Créateur au sens pur, passé du dessin à la peinture sans cesser de planter ses crocs dans son univers fantasmatique, Alex Barbier a bouleversé les codes de la BD. Pionnier de la couleur directe, cet « artiste pour artistes » a déchaîné l’enthousiasme de ses pairs. Disparu voici trois ans, il mérite aujourd’hui une vraie ouverture au public. À partir du 21 octobre, la Galerie Martel est donc heureuse de présenter une sélection de planches et de peintures de cet artiste hors-norme – y compris des originaux de Métempsychose, son dernier ouvrage édité par le Fremok.
Les Paysages de la Nuit, 1994, encre sur papier, 40 x 50 cm
Comme un poulet sans tête, 1994, encre sur papier, 40 x 50 cm
Lettres au maire de V., 1994, encre sur papier, 40 x 50 cm
Étudiant aux Beaux-Arts sur la fin des années 60, il avait lu Hara-Kiri qui publiait alors le Jodelle et le Pravda de Guy Pellaert : « Un maître. Un peu daté, mais pas vieilli. » Référence qu’il dépassa elle aussi pour devenir lui-même, comme il avait digéré sans les rejeter la ligne claire et ses codes. Il fut ensuite prof d’arts plastiques, mais ses cheveux teints en rouge et ses méthodes le firent vite chasser de l’Éducation nationale. Puis il tomba, dans une vente aux enchères, sur un lot d’encres anciennes, « très belles, d’un noir bleuté. » On connaît la suite magnifique. Le vrai fil de cette vie subversive et sérieuse, douloureuse et drôle, âpre, acharnée, jouissante ? C’est l’œuvre. Mais si l’on veut un portrait d’Alex Barbier venu de notre monde réel, laissons parler l’un de ses petit-fils, alors enfant : « il a les cheveux jaunes et il parle beaucoup. Il parle bien, mais je ne comprends pas tout. »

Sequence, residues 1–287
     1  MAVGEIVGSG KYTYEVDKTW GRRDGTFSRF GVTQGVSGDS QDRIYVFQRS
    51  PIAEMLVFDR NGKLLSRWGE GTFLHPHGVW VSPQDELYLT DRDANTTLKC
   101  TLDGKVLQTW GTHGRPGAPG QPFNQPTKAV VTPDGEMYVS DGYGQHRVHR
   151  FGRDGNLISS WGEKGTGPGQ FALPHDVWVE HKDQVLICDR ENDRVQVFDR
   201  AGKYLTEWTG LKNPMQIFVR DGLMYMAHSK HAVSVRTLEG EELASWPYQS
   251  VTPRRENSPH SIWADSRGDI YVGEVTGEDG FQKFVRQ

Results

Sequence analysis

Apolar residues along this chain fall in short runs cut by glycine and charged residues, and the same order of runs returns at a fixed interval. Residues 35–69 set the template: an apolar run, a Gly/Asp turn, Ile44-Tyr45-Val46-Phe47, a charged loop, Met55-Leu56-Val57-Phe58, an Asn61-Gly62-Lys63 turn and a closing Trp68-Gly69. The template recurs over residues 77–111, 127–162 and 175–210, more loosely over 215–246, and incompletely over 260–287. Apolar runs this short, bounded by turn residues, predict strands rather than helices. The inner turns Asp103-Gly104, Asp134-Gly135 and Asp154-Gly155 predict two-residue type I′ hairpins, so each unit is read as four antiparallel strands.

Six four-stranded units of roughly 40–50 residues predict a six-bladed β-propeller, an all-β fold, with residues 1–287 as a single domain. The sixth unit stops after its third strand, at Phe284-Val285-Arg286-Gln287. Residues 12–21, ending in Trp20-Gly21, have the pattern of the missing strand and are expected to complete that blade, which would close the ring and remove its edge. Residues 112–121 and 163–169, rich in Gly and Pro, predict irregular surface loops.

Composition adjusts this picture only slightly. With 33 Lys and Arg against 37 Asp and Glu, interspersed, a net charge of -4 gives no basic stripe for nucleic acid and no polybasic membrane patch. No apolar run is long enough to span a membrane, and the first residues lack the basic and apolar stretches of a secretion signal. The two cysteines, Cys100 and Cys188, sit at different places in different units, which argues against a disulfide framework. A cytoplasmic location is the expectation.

A creator in the purest sens of the word, who went from drawing to painting without ceasing to sink his fangs into his fantastical universe, Alex Barbier has turned the codes of comics on their head. A pioneer of direct color, this “artist for artists” unleashed the enthusiasm of his peers. He passed away three years ago, but today he deserves a real opening to the public. Starting October 21, Galerie Martel is pleased to present a selection of drawings and paintings by this extraordinary artist – including originals of Métempsychose, his last book published by Fremok.
“I’ve formatted myself into a world where I’d half like to live. And in the end, that’s what I did. I half lived in this universe… ” This universe, Alex Barbier now evokes it in videos: he died in 2019, at 68 years. This universe blossomed in his too compact and too brief work. This universe has two keys. Alcohol. He tells that in the morning, before school – he was eight years old – he was given to drink a “tonic”: a beaten egg, a lot of sugar, sparkling wine. “Afterwards,” he says, “I was… fine.” And sexuality. Rather, sex between boys. He tasted it when he was young – then education was not mixed – only to find it hard-core in military service, washed down with Mandrax, that aphrodisiac sedative. Obviously, his masterly talent is not limited to that. But this is how his imaginary and artistic universe was formatted. With hallucinated flashbacks.
Thierry van Hasselt, his current editor at Fremok, met Barbier in the 90s. Around Paysage de la nuit and Comme un poulet sans tête, Angoulême devoted an exhibition to the artist whose publication Delcourt had taken over. For ten years, his career had stalled. “He was an impressive character,” recalls van Hasselt. “He carried the poisonous turmoil of his comics. Like the aura of a William S. Burroughs. To publish Barbier, van Hasselt and his comparses of the future Fremok will add a color section to their magazine: the artist never works in black and white. Barbier is a pioneer of direct color comics. No less.